Tuesday, February 28, 2006

Drag race revisited

It must be good to be Mike Sanderson. Ok, yes he is down below 57S, where the spray at 20 knots must hit like hail. Yes, he has the burden of command and interupted sleeps. And yes this Shrove Tuesday he's missing out on Captain JP's famous pancakes.

But yet again his Black Betty is in the lead, stretching away from Pirates in the drag race for Cape Horn. Even though the wind is (at least) no stronger than that for Paul Cayard the lead just keeps getting bigger. And he has in front of him not just more points ready to be picked, but the prospect of shore in leave in that wonderful city of Rio. And of course newly engaged to Emma Richards!

Behind him the news from the rest of the fleet of the Volvo Ocean race is mixed. Ericsson's reported a spectacular wipe out made even more exciting by the swing keel being the wrong side post a crash-gybe (not fun).

Just remember its not over by a long way - there are still 3000 miles to go to Rio, including rounding the Horn and the decision which side of the Falklands to go!

Graphic from Virtual Spectator

Sunday, February 26, 2006

Ripping yarns from the South China Seas

The troubles keep coming for the Clipper Round the world yacht race. On leg 4 from Freemantle to Qingdao the bad news started with Glasgow being threatened by real pirates near Singapore. These not being the jolly Captain Jack Sparrow type fresh from sparring with the georgous Keira Knightley but the ones with machines guns and bad-ass attitudes.

Then one of boats reported faults with the keel, in real danger of falling off. Similar faults were then found in others of the fleet, and so racing was supended as the boats headed to Subic Bay in the Philippines for repairs.

The crew (including those who have sailed the St Malo race with Captain JP) headed home as the shore-crew got to work. But even then drama continued, as they faced the unwanted excitement of the Philippine government declaring a state of emergency, with rumours of a military coup being planned.

All in all a bit too much excitement even for a once in a life-time adventure holiday.

Image from Clipper Ventures

Too far south?

It's worked for Mike and the crew of ABN AMRO ONE twice before, but will it work again? Diving south they give up short term advantage for longer term positional gain. And again, having passed the second ice gate of leg 4 of the Volvo Ocean Race it's a familiar sight on Virtual Spectator, with Black Betty's nose further south than the others.

At the ice gate the direct route to Cape Horn was about 126 degrees true, but the fleet headed not just south but south-west, with courses of up to 197 true, sailing 70 degrees away from the rumb line. Of course given the wind direction the "perfect" course might have been direct down wind but they were heading a long way off course on the so-called "penguin" route.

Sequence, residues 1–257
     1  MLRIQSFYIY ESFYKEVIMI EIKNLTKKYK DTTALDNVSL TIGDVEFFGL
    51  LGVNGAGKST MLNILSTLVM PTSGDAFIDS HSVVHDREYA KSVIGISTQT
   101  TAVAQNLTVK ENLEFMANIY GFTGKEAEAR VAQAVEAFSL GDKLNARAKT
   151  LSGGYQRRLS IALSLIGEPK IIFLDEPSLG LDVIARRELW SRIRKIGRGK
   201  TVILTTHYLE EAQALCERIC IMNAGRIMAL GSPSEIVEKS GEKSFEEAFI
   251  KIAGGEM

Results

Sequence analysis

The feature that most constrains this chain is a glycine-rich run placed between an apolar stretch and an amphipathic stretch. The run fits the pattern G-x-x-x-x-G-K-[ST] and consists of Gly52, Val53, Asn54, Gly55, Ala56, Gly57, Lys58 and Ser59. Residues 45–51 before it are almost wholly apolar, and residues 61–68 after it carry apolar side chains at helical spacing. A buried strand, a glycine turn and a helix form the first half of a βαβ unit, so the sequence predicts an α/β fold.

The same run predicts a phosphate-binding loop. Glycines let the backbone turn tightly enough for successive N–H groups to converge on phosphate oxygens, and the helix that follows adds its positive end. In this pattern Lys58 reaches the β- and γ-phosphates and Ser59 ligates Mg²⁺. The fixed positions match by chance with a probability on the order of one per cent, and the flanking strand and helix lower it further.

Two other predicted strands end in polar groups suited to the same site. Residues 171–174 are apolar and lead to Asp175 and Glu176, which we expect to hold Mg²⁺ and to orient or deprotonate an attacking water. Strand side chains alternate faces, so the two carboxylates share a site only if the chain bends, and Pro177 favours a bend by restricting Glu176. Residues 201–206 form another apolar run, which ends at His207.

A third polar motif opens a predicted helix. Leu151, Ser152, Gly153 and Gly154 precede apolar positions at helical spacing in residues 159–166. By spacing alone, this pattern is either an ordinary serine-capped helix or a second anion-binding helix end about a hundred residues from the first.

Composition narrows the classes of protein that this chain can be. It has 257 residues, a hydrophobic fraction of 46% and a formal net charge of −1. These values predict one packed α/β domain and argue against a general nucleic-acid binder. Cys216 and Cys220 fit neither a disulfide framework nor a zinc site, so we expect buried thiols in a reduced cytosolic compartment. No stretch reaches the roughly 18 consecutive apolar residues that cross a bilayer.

Already there's been a hit. On the race track between ice gates the boats lined up like beads on a wire, and Pirates were forced to watch as ONE extended their lead hour by hour as the latter showed off her broad reaching power. It also showed up Ericsson weakness - despite there being stronger wind further back she still slipped slowly down the table, and have now lost a place to the fast catching up Brasil (unless they've had another spell of bad luck).

But also the wind forecast isn't always stronger the deeper south you go. For example in the forecast below for 48 hours out the wind is better slightly higher up.

Who has got it right, the Pirates or Black Betty?

Roll-up, roll-up now, and place your bets!

Pictures from Virtual Spectator and www.stormsurf.com

Friday, February 24, 2006

Are we there yet?

Yes, the back seat drivers stuck in the middle of the Pacific can relax. The boats of the Volvo Ocean race have finally reached the first ice gate on the long leg from Wellington to Rio. Now they can bear away and head for the next one, same latitude just further east.

But as the figure above from Virtual Spectator, behind them are the strong winds which for once have been forecast well in advance. So the fleet is battening down the hatches and checking the rigging for what is to come.

Already ABN AMRO TWO at the tail end has experienced winds up to 30 knots and thats just the start of what could be a rough 24 hours. It can't be much compensation to see that their sister ship's radical tactical move south has put them in the lead, over 200 miles ahead.

However it must be somewhat of a confort to Moose and the rest of ABN AMRO ONE that their gamble paid off. Maybe the weather didn't pan out just as expected, but it was enough - and they missed the worst of the wind hole.

Though as an email from the kids navigator Simon Fisher put it, there are still 3,000 miles to go.